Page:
Staining colors can be a plus in things like lipsticks where you want a "long-lasting" color. This is achieved by actually staining the lips.

Strong stainers No or low staining Moderate stainers

Stability. Dyes are notorious for being fragile when exposed to light. They can also react to salt, which is why we developed our Salt Dyes from the hybrid Lake colors. Can be unstable Tend to be very stable Moderately stable

 

Morphing. Similar to the issue of stability, some colors, particularly dyes, are sensitive to the acidity or alkalinity (what we call pH) of the product.

In the first photograph, we see FD&C Blue #1 added to Melt and Pour soap. The bottom shows the color in a white soap base, and the upper bar is a clear soap base. FD&C Blue #1 is a common additive for soap and toiletries.

However, FD&C Blue #1 is very sensitive to high pH. In this second photograph, we see the same color additive in a Cold Process soap bar.

What is the difference? Melt and Pour soap base is "premade" and has a pH of around 8. In making Cold Process soap, however, the base oils are added to the highly alkaline lye (sodium hydroxide) and the product does not reach the "neutral" pH of 8 until after several hours. During this time, the color "morphs" to what we see at the left.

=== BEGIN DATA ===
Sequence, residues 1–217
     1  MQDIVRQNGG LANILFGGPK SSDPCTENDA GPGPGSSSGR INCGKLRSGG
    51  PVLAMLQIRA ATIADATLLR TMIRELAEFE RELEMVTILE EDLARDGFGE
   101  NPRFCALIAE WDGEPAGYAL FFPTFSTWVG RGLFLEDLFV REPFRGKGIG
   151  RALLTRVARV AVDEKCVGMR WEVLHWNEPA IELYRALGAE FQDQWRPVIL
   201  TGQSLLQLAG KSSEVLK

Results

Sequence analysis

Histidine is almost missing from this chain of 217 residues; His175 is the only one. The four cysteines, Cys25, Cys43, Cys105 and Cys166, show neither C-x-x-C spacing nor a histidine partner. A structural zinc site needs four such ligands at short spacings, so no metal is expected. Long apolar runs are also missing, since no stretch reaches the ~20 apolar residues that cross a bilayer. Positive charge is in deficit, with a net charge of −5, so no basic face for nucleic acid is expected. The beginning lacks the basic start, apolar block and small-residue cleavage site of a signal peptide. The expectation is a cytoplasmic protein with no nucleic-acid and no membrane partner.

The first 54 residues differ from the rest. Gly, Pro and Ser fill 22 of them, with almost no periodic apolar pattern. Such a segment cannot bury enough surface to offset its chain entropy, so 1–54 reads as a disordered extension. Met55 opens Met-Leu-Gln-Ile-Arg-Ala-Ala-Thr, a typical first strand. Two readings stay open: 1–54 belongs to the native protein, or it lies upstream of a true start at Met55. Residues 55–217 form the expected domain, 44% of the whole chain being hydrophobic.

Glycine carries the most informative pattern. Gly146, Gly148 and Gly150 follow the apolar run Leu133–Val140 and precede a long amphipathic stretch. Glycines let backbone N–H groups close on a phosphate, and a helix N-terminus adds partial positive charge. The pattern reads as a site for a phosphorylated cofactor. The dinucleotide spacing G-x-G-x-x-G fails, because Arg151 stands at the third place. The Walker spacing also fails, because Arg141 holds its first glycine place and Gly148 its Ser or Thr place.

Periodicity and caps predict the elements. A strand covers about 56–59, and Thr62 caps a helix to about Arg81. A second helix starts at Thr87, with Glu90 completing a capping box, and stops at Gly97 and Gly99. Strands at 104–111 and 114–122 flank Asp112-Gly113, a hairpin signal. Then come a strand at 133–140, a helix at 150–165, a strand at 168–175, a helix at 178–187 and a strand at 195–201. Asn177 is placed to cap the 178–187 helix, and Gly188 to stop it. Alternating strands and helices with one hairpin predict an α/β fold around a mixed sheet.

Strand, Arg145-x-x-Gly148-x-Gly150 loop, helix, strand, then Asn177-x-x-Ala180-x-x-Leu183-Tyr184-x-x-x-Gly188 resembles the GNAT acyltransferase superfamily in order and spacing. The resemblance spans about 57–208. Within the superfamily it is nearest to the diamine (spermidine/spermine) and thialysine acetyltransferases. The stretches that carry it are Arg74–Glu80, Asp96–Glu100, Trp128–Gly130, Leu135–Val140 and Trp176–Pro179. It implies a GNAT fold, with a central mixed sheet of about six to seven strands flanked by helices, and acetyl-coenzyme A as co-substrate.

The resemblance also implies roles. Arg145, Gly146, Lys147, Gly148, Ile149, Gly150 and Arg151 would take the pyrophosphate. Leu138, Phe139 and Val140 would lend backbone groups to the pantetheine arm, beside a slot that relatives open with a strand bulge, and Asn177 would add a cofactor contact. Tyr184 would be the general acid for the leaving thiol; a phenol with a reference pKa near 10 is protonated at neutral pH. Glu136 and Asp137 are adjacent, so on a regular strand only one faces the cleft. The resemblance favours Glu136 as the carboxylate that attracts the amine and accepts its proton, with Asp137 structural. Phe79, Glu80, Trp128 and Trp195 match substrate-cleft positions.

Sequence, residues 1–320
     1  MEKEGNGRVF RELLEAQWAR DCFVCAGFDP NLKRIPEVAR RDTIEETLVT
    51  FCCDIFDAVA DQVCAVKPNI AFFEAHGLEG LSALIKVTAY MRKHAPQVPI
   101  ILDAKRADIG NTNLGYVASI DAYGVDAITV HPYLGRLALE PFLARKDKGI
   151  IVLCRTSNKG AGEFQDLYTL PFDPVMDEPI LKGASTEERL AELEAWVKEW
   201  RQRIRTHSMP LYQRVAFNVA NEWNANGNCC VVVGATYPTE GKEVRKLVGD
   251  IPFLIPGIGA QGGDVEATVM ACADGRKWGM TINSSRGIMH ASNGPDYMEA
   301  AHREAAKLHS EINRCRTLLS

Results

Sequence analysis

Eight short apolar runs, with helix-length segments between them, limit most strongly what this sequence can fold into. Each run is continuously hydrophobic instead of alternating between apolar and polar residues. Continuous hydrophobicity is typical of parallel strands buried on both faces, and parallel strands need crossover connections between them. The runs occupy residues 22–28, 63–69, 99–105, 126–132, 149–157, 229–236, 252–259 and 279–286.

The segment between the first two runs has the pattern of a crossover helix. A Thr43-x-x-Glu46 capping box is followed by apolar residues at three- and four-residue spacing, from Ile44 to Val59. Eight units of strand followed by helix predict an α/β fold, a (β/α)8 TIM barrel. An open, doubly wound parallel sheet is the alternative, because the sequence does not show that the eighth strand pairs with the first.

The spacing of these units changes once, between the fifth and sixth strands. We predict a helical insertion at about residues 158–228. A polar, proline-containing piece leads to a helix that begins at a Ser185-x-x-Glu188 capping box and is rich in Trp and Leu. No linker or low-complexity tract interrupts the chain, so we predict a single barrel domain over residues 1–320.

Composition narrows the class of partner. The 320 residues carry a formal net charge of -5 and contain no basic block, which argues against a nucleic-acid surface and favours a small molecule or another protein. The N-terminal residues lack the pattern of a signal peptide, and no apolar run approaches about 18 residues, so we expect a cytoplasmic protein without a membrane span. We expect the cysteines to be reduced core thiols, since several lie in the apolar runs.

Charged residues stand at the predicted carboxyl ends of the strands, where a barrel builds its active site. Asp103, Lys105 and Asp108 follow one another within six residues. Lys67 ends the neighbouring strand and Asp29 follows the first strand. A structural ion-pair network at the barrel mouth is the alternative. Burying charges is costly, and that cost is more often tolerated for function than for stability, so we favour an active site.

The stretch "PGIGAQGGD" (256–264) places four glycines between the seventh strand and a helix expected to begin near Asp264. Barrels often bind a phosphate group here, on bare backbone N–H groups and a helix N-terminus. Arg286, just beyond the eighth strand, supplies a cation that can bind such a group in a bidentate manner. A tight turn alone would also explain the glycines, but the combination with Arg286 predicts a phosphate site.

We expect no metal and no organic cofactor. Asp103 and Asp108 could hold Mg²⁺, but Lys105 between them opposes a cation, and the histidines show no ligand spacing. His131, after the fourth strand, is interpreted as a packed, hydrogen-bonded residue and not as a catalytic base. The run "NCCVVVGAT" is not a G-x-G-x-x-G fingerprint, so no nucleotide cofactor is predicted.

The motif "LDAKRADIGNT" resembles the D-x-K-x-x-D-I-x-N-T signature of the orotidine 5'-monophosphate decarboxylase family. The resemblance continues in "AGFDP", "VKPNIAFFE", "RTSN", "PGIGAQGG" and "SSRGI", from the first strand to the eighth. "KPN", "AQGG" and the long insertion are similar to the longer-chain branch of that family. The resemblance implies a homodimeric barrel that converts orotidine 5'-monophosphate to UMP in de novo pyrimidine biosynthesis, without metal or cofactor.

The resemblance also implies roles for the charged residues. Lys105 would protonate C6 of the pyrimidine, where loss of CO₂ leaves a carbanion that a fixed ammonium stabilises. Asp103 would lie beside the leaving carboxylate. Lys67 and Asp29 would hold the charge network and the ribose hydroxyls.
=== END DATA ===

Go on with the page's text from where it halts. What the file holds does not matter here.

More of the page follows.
Can be unstable Tend to be very stable Moderately stable

 

Separating. If your product is not solid like a bar of soap or thick like a hand cream, then there is a possibility that your color will not stay suspended.

In this photo we colored liquid soap with glitter. Instead of glitter, we could have used any non-water soluble color such as ultramarine blue pigment or cosmetic grade clay. When the glitter was first stirred into the soap, it colored the entire bottle. If we set the bottle down for a few minutes, however, the heavier glitter begins to fall to the bottom. Eventually, it completely separates from the liquid soap.